Gardening Blunders You Want to Avoid

Everyone makes mistakes, when this happens in the early stages of gardening; make sure to hang in there to appreciate the final result. The better you plan ahead with your garden and learn how to avoid common errors, the better your results will be. Gardening is not hard, you just need to be aware of the various needs of the plants you will be growing; for instance, how much area the plant will take up, or how intense the light and water needs are. As you read on you will learn about some of these common errors so you will be able to sidestep them.

One error you want to avoid is planting your garden too early in the season. Your plants will not thrive or produce as well. The most common mistake in this area is planting too early, whether you're planting new seeds or moving a plant from indoors to your outdoor garden.

You can't just assume that you won't have some more cold nights just because you are enjoying warmer days. Winter weather during the change of seasons can be unpredictable and you may still have to deal with a late frost or two. If this happens, your plants stand a good chance of dying. Protect your plants indoors - or don't seed your garden - until you know for sure that warm weather is here to stay.

One of the biggest obstacles a gardener must overcome are pests in the garden. Pests can be split into two main categories - small ones and big ones. Smaller pests can be classified as insects or any number of diseases that can attack a plant - especially when they are new. Pesticides are the most common antidote to these pests. This has to be done very carefully, though. Too much pesticide may damage some of your plants. You also have to be careful not to use a pesticide that will kill off insects that are good for your garden. These include dragonflies, bees, and ladybugs. There are natural alternatives to using pesticides, of course. You can concoct any number of sprays using mild soap, garlic, hot pepper sauce, or you can do some companion planting.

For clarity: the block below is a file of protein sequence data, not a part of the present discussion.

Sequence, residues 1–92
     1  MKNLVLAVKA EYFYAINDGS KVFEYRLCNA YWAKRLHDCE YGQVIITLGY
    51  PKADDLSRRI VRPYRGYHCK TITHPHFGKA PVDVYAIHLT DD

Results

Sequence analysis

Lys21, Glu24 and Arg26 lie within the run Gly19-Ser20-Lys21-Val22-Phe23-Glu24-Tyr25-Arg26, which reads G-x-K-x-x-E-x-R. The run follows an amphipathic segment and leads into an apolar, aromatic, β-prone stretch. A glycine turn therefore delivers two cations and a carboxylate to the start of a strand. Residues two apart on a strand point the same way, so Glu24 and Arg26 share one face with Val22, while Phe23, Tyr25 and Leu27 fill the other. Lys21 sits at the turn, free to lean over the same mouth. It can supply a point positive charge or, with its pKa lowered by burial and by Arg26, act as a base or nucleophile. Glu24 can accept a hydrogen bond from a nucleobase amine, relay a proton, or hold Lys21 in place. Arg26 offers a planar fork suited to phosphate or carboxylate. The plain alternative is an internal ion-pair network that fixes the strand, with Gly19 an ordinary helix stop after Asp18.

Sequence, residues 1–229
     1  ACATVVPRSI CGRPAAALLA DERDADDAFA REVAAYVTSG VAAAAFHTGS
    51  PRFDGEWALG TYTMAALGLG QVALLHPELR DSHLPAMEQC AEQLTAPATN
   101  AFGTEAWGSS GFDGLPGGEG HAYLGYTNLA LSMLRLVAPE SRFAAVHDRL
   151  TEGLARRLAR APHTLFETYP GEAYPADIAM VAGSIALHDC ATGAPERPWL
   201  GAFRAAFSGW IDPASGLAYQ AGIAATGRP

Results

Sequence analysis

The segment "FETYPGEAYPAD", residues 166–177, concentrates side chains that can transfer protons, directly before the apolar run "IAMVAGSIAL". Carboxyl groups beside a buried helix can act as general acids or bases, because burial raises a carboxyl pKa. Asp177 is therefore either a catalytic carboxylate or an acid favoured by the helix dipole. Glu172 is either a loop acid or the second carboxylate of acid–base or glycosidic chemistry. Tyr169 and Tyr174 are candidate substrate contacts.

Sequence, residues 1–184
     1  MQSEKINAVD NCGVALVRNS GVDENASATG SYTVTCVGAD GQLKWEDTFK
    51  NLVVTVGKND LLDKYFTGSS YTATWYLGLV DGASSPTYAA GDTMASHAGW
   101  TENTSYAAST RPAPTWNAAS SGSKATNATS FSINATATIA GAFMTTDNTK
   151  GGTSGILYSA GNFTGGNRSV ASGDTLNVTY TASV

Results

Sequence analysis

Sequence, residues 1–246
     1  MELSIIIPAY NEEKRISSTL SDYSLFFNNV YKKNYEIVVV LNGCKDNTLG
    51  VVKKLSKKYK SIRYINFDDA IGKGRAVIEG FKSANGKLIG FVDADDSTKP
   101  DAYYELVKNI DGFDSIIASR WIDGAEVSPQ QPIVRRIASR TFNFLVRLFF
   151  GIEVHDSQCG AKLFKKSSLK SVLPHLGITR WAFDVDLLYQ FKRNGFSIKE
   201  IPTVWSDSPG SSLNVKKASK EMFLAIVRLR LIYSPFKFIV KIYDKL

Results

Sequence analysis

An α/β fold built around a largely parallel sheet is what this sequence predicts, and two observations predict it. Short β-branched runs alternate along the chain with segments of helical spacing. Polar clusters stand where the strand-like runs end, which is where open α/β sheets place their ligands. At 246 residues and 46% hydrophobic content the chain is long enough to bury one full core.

Larger pests are animals that may want to eat your vegetables or chew on your plants. There are many types of "critters" that can destroy your garden quickly and some of them include deer, wild pigs, rabbits, and squirrels. Have you ever watched a cat "eat" a plant? They love to chew on anything fresh and green. And pet dogs can also cause damage to your garden. Sometimes the only solution to protecting your plants is to put up a strong fence.

{Overlooking the region in which one lives is a common thing for newbie gardeners and instead they let their emotions select plants based on how they look or what they taste like, thus ending up with plants that cannot survive in their region. If you live up North, you might as well not even think about having your own orange or avocado plant or tree. The same rings true for people up North trying to grow a cactus or other tropical plant. Setting up a hothouse is one way around this however if this is your first year of gardening and you do not want too much work, stand by the plants that will naturally flourish in your area. If you are getting your seeds in the US, you can read about the USDA Plant Hardiness Zone, which gives you a clear understanding of what plants grow easily and in which zones.|Sunlight is another important aspect to consider. Each plant has different needs. As you begin to prepare to plant your garden, make sure you know how much check here sunlight each plant will require each day. To ensure the health of your plants, especially vegetables, six hours of sunlight is recommended. It is also important to know how much sunlight will use this link actually shine on the area where your garden will be. Anyone that has a lack of sunlight where they are going to plant might choose plants that require less sunlit areas. Do not over expose your plants to sunlight either as this will be detrimental. You can also use what is called "reflected sunlight" which might be easier on your plants.|Make sure you learn about plants that can grow fast and spread - thus strangling your other plants. These plants can really hamper the production of other plants. There are any number of plants that can also be a threat to your garden plants. You need to learn which plants can turn invasive - like mint - and take over large areas of your garden plot.

English Ivy is another problem plant if you have it growing anywhere in your yard. It looks great, but it is tenacious and spreads rapidly through its creeping roots and branches. If you order seeds from a catalog, there will usually be a warning that the plant is aggressive or prolific. If you really want to include a plant in your garden that tends to be aggressive - such as mint - plant it instead in a container so it won't invade other parts of your garden.|What is your soil like? You should find out before you even start because if your soil is poor quality you may have a non-productive garden. When your soil is healthy, your plants will also be healthy. Take the time to test the pH of your soil before you plant so you will know if you have to balance your soil for acidity or alkalinity. {You can purchase kits to test your soil at any gardening center or online.|

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